It is widely known that a majority—up to 80%—of new products fail. The reasons are manifold. Perhaps the new product couldn’t oust a longtime customer favorite. Maybe the new product was aesthetically wonderful but was also so hard to use that everyone gave up. Or maybe, despite being a superior product, the marketing and go-to-market (GTM) failed to compel. Despite the best-laid plans and substantial investments of time and resources, failure to (successfully) launch happens all the time. While there’s always some risk in new endeavors, you can hedge your bets by ensuring that you understand customer expectations at every step of your development process. Doing so allows you to identify and remedy small problems along the way before they have the chance to become critical issues down the line. Our new guide, Testing at every stage of the development cycle, provides tips and customer examples to help you understand how to select the best testing method (between self-guided (unmoderated) testing and interviews using a solution like Live Conversation) to gather qualitative insights during every stage of development.
1. Early stage discovery
Conducting an interview allows you to adapt to the twists and turns in the conversation, to delve deeper into topics and spontaneously head into unexpected (but very valuable) areas. This is helpful during the discovery phase when you are at a starting stage and in search of clarity on areas of opportunity. You don’t yet have a product idea or an endpoint in mind. If you’re short on time, you can also do discovery via self-guided testing. Keep your questions and tasks open-ended, for example: Task: Go to the URL for a brand that you would visit to complete [activity X] Task: Explain why you selected that brand Task: Tell us about the last time you completed [activity X] Task: Now, show us how you did that At this stage, you can also get feedback on initial concept ideas before moving forward with any designs.
When you have some early sketches or designs, get feedback to validate usability before investing resources to build it out. If you're using a third-party prototyping tool, you can publish a URL or otherwise find a way to host and share your designs (like Google Drive, Dropbox or other hosting solutions) to display during self-guided tests. Some customers tell us that they're concerned about sharing early-stage designs for feedback. Even though they know that testing usability is important, they worry about these designs getting into the wrong hands. Others tell us that high-fidelity prototypes can sometimes be confusing to testers during self-guided tests. For example, testers don’t realize they're interacting with a prototype and comment that they can’t click and navigate the page. For these challenges, you can use live sessions, using screen sharing functionality to maintain control and offer assistance while gathering feedback on early designs.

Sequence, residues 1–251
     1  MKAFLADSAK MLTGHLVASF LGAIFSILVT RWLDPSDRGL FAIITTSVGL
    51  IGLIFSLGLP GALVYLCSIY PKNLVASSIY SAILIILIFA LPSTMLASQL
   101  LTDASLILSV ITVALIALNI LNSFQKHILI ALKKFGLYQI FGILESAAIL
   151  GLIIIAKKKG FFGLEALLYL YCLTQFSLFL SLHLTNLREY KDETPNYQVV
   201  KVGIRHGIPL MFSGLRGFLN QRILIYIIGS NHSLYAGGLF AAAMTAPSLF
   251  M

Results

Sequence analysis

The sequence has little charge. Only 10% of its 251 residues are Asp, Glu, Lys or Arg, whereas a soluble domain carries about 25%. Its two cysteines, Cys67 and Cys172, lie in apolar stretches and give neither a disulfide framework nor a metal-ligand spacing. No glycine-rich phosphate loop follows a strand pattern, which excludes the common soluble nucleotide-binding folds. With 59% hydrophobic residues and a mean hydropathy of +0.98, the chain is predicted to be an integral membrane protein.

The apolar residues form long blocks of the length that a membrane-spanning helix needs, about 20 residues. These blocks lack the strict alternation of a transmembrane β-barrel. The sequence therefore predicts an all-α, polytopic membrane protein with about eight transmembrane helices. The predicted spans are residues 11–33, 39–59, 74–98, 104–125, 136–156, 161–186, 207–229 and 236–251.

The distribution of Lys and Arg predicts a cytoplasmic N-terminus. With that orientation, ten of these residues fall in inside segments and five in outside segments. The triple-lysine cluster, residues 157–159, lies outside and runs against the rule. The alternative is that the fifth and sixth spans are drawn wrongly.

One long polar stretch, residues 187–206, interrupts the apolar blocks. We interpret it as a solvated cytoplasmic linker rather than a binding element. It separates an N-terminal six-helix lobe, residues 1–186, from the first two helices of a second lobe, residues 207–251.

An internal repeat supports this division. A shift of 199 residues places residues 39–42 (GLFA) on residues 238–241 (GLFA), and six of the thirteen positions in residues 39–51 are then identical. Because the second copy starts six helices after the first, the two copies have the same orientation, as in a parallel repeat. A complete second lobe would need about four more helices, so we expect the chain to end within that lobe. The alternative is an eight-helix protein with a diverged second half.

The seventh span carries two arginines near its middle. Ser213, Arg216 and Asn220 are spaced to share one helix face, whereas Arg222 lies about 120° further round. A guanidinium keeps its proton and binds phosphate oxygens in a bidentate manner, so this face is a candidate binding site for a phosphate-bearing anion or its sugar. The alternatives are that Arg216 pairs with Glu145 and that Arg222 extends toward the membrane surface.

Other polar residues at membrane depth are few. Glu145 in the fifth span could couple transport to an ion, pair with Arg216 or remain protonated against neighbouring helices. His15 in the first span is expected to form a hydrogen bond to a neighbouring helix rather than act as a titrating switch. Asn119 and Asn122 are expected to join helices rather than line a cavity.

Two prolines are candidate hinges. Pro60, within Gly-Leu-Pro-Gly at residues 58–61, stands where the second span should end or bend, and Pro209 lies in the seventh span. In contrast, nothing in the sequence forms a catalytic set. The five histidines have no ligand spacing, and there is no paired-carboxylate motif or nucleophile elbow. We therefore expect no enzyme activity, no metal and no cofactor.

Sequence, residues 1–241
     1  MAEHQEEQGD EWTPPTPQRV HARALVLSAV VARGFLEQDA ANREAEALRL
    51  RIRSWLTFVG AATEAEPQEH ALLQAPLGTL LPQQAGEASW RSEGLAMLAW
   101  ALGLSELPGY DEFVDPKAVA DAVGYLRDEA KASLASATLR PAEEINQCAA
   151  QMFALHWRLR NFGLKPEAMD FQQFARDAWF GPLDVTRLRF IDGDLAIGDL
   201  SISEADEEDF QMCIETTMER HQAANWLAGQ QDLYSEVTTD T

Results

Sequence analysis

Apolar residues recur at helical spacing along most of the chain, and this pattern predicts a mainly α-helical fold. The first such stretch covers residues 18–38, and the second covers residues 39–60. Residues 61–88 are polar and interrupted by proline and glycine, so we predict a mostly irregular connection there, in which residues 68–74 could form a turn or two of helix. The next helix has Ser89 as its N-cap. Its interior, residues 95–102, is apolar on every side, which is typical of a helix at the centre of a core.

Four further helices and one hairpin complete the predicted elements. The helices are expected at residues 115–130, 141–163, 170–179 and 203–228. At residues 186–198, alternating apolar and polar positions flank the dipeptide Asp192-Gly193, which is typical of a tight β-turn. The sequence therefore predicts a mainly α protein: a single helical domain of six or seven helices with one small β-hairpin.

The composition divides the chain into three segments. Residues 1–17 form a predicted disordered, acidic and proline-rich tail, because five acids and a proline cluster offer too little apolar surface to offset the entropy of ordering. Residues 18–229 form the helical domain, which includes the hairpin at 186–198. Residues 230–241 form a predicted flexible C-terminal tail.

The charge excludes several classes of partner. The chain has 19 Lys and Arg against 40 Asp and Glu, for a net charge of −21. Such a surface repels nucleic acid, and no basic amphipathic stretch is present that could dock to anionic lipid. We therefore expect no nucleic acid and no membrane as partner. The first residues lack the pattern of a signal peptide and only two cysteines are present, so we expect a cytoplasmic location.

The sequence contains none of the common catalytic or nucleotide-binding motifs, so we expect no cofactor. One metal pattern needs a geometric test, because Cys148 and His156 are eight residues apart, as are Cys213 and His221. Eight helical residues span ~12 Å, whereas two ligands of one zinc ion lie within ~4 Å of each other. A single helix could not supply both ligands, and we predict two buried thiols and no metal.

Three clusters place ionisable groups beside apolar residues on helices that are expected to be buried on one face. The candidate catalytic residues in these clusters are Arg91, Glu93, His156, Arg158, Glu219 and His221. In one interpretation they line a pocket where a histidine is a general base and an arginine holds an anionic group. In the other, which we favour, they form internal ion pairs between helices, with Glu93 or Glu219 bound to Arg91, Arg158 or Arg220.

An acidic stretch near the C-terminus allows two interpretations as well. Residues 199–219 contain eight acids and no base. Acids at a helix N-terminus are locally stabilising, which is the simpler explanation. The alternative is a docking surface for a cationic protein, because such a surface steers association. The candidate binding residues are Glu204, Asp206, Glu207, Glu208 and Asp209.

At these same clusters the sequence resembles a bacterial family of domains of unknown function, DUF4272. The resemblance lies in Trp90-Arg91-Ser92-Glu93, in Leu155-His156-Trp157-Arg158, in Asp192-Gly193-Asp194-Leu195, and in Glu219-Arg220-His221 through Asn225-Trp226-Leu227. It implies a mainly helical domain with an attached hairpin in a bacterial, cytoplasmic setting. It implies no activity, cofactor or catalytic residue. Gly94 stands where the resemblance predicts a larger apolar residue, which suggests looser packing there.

>> Download now: Testing at every stage of the development cycle
3. Development and pre-launchGet feedback as you reach each milestone to ensure that you end up where you planned. And if feedback indicates that there’s a problem or something requires attention, you'll have the opportunity to fix these issues before proceeding to the next milestone. With self-guided testing, you can share a link (plus any necessary login information) for testers to access your staging environment so you can see how they attempt to accomplish tasks using the product at that point. If your product is currently on a staging environment and sharing credentials makes you nervous, you can also share your screen during a Live Conversation session. You can even give the tester mouse or keyboard control during the session to give them more free reign as they interact with the experience. It’s also worth noting that marketing and other GTM teams are preparing their campaigns, messaging, and other promotional assets at this time. These projects also benefit from customer feedback before they go live.
4. Post-launchEven after a new feature, product, or campaign has launched, you’ll want to keep monitoring to address problems or to keep evolving the experience. If there are areas that pique your interest—like low user adoption, high drop-off, or unexpected user flows—you can test these specific areas or scenarios using self-guided testing. You’ll get a more holistic understanding of why customers are behaving a certain way which can inform additional adjustments. You can also conduct interviews following a launch. The conversational style of an interview enables you to hear everything and anything that customers are thinking about your newly-released product. You can even compare this feedback to what you learned during the discovery phase to see if your designs address the problems that were previously identified.
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